Neonatal mouse retinas (P0) electroporated with pCAG-EGFP and analyzed at postnatal day 3 (P3) and postnatal day 14 (P14). A–C) Confocal images of a sectioned P3 retina electroporated with pCAG-EGFP at P0. The majority of electroporated cells ...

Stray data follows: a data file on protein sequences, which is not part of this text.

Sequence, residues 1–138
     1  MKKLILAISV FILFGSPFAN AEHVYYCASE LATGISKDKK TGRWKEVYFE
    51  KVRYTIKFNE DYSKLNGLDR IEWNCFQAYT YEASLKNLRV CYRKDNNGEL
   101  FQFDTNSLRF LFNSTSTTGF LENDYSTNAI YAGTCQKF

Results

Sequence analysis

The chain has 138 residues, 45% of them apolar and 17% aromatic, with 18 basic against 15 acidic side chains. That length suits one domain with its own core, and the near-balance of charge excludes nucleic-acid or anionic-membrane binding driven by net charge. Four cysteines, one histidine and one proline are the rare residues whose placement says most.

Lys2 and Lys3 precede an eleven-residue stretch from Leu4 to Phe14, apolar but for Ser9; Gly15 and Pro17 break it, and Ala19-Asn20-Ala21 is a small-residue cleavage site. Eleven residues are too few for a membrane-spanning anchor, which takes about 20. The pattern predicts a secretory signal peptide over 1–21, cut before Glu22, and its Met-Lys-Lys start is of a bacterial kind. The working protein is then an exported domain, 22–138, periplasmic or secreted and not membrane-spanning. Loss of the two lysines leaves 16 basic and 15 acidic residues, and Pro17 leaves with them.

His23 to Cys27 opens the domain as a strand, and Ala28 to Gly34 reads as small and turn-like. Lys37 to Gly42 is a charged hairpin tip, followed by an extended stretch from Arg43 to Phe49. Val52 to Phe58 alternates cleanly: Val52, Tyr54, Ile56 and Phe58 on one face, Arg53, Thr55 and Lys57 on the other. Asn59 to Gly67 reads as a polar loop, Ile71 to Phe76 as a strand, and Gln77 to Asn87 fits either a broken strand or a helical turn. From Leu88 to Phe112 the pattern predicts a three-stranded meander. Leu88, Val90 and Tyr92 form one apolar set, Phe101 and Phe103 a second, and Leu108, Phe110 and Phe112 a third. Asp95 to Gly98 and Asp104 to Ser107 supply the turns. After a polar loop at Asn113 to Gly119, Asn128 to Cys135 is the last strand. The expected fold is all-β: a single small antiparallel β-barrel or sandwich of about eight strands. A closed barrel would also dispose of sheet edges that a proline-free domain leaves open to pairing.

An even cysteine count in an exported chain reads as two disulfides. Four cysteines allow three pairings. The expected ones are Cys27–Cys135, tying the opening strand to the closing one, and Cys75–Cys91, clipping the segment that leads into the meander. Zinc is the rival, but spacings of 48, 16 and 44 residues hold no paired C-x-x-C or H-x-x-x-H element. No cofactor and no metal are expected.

In P3 retinas the majority of electroporated cells are located in the neuroblastic layer (NBL) of the retina, and do not demonstrate distinct morphological characteristics of any of the differentiated neural or glial cells of the retina (Fig. 4B, C). By P14 electroporated cells can be found in the outer nuclear layer (ONL) and the inner nuclear layer (INL) of the retina. Furthermore the various labeled cells now display characteristic morphological hallmarks of differentiated neurons including interneurons of the INL, photoreceptors, and Müller glia (Fig. 4E, F).